Stories from the Muddy

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Saturday, October 30, 2010

Raindrops on Roses

By Naomi Lewis

               When I arrived in Paisley, Scotland, Cassie told me my bed had arrived, but we had to build it.  First we dragged the delivery boxes up the stairs.  Between scratching our heads over diagrams and singing “My Favorite Things,” with a twist of a screwdriver here and a hand-pounding there, a sturdy metal frame bunk bed took shape, filling the better part of my bedroom.  The bed was ingenious, as are many of Britain’s appliances, with a futon cushion for a mattress and I believe some of the magic of “raindrops on roses and whiskers on kittens.”  All it took was a push for the bottom bunk to turn it into a sofa for day use, perfect for reading, writing in my journal or petting the cat.

             My first evening in Paisley, Frank brought home dinner – fish and chips to die for.  I felt guilty eating such a delicious meal in front of Cass and Frank, since they are both gluten intolerant and ate something much less appetizing.  When I went upstairs to bed, I found it made with four soft pillows and a pretty white comforter.  I fell asleep to the evening trains.  I couldn’t see them for the trees, but they were a familiar lullaby as I fell asleep in a foreign place.  I grew up near where a train passed twice a day and it has always been a comforting sound, reminding me of the security of family love.

               The next day, we rushed to Polmonds before closing so Frank and Cass could eat the wheat-free fish and chips they served once a month.  Later we drove to Bannockburn, the site of the decisive battle for Scotland’s freedom from England.  I would have loved to roll down that glorious grassy hill.  

Wallace statue at Bannockburn
           We drove on to Stirling and Falkirk, sites of other battles and beautiful stone castles.  I was reminded, people of every country and time want their freedom.  We always have to fight for it.  On the way home, as Cassie played small practice bagpipes in the back seat, I began whistling a tune.  Frank asked me what it was.  I told him I made it up.  They thought it sounded like a Highland lament and Cassie played it beautifully on her bagpipes.

            June 5th we started early for Loch Lomond, narrow in its nestled hills, misty on the mountain tops.  I never stopped marveling at all the water in and around Scotland.  Next stop Inveraray, the kind of town one hopes to see in this life – sweet, quaint, accessed by a bridge, surrounded by water and hills whose roots are hidden in the depths of Loch Fyne where ancient history, legends, myths, and humor have grown out of the morning mist.

Inveraray, Scotland

           Inveraray is a fairy tale town with a fairy tale castle where artisans still make by hand the metal pins for kilts.  While I was there, I was privileged to buy a rain cap of authentic Inveraray plaid.  The sales woman told me it wasn’t out yet and if I saw someone wearing the pattern, it came from their store.  Charles and Camilla were due the next weekend to re-launch the plaid that hadn’t been made for many years.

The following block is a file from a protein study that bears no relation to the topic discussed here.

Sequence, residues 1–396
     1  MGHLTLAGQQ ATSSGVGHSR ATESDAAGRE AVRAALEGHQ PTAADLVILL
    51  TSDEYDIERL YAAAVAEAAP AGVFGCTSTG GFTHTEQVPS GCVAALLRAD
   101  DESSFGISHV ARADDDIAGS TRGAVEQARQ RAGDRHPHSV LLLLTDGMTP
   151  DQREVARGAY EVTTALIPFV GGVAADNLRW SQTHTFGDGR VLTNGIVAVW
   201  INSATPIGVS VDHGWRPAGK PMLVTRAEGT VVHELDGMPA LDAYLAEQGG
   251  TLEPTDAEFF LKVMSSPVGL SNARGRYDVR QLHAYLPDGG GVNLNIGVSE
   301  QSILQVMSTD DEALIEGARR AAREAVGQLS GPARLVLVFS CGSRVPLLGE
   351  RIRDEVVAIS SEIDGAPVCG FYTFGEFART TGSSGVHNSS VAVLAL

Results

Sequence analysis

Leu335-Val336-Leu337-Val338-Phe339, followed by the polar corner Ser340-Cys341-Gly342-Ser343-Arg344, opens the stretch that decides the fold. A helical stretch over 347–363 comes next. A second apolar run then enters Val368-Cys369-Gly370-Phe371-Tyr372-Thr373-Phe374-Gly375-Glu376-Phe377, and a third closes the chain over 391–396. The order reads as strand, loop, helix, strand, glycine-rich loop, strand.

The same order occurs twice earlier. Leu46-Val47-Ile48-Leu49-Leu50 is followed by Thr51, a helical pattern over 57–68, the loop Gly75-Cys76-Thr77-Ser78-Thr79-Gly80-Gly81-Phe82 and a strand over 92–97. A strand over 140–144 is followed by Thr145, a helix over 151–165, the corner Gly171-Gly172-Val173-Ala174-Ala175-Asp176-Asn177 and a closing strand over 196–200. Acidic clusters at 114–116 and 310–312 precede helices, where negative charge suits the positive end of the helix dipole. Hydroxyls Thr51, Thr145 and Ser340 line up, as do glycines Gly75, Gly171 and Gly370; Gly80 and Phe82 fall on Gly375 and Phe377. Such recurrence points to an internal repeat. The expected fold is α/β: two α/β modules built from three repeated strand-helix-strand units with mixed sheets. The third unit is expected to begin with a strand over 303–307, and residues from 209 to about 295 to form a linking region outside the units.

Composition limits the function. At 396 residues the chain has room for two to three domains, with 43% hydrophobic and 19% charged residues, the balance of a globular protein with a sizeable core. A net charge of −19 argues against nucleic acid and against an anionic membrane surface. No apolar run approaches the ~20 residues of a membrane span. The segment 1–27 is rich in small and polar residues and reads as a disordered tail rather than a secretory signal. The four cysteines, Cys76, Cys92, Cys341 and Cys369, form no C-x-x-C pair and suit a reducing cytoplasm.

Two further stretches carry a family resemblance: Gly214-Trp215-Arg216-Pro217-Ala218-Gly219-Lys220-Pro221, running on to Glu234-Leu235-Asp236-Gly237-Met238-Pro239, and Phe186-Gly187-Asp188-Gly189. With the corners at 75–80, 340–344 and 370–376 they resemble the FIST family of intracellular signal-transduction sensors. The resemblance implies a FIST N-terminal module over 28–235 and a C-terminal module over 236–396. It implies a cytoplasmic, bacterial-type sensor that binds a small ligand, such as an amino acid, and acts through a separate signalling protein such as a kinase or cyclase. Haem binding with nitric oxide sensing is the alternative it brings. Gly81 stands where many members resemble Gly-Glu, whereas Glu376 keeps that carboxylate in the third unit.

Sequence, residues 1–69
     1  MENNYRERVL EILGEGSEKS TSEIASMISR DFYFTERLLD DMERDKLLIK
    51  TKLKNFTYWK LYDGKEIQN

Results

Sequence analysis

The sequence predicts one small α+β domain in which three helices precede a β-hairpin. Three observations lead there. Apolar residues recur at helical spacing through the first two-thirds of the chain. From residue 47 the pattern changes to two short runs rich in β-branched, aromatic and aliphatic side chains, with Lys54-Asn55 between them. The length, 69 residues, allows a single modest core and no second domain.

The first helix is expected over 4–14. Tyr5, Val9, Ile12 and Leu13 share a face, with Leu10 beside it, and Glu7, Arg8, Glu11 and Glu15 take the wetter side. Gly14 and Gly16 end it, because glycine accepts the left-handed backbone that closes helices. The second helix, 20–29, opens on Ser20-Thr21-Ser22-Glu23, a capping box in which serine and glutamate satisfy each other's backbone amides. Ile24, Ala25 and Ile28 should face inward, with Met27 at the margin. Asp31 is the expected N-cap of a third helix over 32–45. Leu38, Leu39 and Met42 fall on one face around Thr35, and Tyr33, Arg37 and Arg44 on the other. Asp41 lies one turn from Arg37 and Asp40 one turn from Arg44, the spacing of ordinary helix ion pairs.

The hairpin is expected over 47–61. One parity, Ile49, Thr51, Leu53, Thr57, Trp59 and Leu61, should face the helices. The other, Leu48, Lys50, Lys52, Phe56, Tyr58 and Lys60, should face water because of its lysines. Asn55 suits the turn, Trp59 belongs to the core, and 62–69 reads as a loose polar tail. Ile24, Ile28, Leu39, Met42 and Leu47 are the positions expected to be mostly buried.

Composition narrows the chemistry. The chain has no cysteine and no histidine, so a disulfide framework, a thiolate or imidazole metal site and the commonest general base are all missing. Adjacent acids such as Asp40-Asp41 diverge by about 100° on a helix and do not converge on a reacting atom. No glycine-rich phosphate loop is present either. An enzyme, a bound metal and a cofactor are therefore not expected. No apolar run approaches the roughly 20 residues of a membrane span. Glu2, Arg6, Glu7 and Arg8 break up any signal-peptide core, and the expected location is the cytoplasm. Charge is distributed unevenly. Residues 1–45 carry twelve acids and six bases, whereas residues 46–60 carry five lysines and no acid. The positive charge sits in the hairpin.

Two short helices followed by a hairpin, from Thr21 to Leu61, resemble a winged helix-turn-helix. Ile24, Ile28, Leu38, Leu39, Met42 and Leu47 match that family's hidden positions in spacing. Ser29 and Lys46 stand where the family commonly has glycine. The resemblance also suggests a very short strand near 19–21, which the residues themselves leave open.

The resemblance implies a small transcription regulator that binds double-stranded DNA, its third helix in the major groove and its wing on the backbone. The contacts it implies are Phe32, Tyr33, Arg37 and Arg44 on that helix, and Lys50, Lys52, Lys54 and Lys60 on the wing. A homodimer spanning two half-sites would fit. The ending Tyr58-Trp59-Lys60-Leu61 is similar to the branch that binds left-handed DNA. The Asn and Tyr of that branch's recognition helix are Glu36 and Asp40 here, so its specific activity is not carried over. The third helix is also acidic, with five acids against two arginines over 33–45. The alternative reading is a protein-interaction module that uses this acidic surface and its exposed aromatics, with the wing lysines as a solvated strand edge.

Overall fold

Inveraray Castle

           Frank stopped outside Kilmartin in a spritz of rain to look at the standing stones.  He and I walked in the mist and tried not to step on sheep droppings. 


An arch looking out on Loch Fyne, Inveraray

Kilmartin Church

           Kilmartin was another sweet village with a church and graveyard full of Templar gravestones, the answer to a mystery I’ve researched for one of my screenplays. 

Bridge into Inveraray

Inveraray, the town


Bridge Over The Atlantic, Isle of Seil

             Continuing north, we three travelers arrived at Easedale on the Isle of Seil, crossing the majestic stone Bridge Over The Atlantic.  I had never thought about where the Atlantic ended, but it ended there in that part of Scotland.  The view of the islands and grassy hills was so overwhelming I couldn’t take it all in.  I wanted to put my arms around it all.  I looked out to sea and thought about a lady standing in a bay holding up a torch in her hand. 

          We ate a picnic and enjoyed the sunshine and view from the little park.  It clouded over and was delightfully cool.  If one doesn’t like the weather here, wait a few minutes and it changes.  There is a little bit of every kind of weather each day and seems to rain or mist almost every night.  We were so near Oban, we drove up and stopped on the Corniche to let Murphy and Jack wade in the ocean.

Paintbrush on the Isle of Seil
Cassie playing her bagpipes at Largs
           A misting rain on the way back was refreshing to a desert girl like me.  We stopped at a smoky pub for an authentic supper of beef tatties.  It turned out to be hamburger in gravy with mashed potatoes -
very good eating, but I missed my vegetables.

               Another day of adventures started at Largs down the coast from Paisley.  The dogs had fun chasing sticks into the ocean and Cassie played her bagpipes. 

            At Ayr, the birthplace of poet Robert Burns, we ate a bite and enjoyed the sky and clouds - an incomparable landscape.

Ayr, Scotland

            Back in Paisley, Frank took me to see the Wallace Memorial and his birthplace at Endersley.  As I was taking pictures, an older lady walked across the street with a beautifully illustrated color pamphlet and asked if I had one.  Since I didn’t, she gave it to me.  When I told her I was from Las Vegas, she told me she had been there in 1983 and 1988 and commented about the size of America.

In the Highlands I couldn't make a squeek




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